SL: My first book was aimed at people whose sexual activity is fairly new to them, while this book is very comprehensive, covering all aspects of sexuality, from body image to sex and aging to the fun stuff like positions and location.
bn: You were only 18 when you started working as a sex educator. How did you begin your career so early?
SL: I started college when I was 16, at Cornell. By the time I was 17, I was taking a lot of psychology courses, and I got interested in the psychology of adolescence, and through studying teenagers, I realized that I was interested in helping teenagers sort through their issues about sex and relationships. [At that point] two years into college, my major was educational psychology. I started giving lectures in schools, and by the time I graduated, I had already been published for some scientific research I had done. I went to Penn grad school and got my master's degree in sex education. I was 22. I came to New York, having known all along that I wanted to go on TV to talk about sex and write books for the general public. My feeling was that I was trained as an educator, and as an educator I wanted to educate as many people as possible. The best way to do that is through the mass media.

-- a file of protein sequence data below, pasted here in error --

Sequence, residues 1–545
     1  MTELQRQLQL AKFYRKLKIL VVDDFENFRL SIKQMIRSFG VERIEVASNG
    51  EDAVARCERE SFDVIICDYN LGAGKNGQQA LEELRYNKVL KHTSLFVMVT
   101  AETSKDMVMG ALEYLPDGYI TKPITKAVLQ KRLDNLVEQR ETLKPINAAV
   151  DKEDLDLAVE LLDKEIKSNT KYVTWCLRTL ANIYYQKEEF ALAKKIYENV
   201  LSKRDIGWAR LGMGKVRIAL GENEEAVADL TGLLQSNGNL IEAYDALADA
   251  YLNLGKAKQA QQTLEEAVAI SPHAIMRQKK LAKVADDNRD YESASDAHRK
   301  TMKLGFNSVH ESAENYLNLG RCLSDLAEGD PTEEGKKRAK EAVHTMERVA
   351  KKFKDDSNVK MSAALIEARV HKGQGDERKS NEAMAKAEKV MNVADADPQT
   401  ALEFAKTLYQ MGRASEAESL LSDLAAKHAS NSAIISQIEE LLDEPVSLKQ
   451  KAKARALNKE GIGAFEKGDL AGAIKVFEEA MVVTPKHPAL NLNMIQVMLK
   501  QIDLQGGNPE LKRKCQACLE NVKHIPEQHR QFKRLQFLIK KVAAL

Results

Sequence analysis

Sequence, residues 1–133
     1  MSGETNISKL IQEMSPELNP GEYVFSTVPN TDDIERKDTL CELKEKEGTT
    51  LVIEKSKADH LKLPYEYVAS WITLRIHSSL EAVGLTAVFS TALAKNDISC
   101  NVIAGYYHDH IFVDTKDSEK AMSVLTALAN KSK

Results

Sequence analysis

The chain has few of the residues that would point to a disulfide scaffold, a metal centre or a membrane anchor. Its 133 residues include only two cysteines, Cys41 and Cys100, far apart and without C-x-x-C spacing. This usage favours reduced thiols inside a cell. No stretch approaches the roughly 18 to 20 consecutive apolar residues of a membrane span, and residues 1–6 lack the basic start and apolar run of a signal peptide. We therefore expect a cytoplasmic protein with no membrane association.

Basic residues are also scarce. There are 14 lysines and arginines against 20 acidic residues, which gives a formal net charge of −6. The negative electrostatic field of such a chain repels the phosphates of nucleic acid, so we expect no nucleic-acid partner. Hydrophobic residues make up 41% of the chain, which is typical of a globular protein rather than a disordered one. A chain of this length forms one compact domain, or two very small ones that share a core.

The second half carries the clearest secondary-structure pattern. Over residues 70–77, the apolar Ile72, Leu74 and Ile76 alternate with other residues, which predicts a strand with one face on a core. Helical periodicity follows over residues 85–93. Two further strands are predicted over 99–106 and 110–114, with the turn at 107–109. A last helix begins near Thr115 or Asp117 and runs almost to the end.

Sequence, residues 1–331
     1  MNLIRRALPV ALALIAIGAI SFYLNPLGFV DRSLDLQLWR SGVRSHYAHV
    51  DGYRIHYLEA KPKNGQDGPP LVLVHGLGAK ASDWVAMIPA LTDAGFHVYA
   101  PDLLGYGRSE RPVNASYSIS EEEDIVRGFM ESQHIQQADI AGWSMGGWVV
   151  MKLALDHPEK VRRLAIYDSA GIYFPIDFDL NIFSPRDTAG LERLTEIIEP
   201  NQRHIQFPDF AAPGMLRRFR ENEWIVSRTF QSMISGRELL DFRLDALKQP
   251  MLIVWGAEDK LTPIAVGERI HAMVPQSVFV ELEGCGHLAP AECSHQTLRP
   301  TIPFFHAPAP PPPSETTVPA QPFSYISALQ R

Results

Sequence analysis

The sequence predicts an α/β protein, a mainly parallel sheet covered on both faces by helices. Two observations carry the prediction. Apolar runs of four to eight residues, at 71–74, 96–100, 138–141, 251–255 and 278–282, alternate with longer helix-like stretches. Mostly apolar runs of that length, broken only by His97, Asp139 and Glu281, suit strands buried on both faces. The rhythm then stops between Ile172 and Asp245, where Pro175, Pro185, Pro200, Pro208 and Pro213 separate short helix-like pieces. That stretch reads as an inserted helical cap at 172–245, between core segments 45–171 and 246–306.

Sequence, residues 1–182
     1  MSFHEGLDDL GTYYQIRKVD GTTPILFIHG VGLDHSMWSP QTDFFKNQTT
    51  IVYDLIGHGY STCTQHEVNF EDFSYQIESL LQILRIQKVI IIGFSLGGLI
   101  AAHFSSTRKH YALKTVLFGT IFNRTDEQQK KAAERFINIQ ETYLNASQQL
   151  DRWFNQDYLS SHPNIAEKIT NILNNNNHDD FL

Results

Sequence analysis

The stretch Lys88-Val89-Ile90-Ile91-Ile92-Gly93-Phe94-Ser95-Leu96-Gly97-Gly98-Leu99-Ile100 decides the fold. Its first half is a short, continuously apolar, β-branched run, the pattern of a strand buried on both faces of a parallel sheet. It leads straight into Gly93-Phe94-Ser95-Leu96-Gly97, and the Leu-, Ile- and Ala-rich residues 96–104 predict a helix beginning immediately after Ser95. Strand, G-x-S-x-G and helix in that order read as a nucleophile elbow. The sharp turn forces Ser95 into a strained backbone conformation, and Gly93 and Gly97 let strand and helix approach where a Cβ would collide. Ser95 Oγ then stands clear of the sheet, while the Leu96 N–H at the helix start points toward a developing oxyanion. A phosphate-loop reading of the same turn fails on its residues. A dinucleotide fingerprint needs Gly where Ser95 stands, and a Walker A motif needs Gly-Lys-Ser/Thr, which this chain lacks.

bn: What does the title of this book mean? Is this book for people who have no idea what they're doing?
SL: People should understand that the title of this book is just that — a catchy title. There is no such thing as being an idiot because you want to know more about sex.
bn: What part of this book was the most fun to write?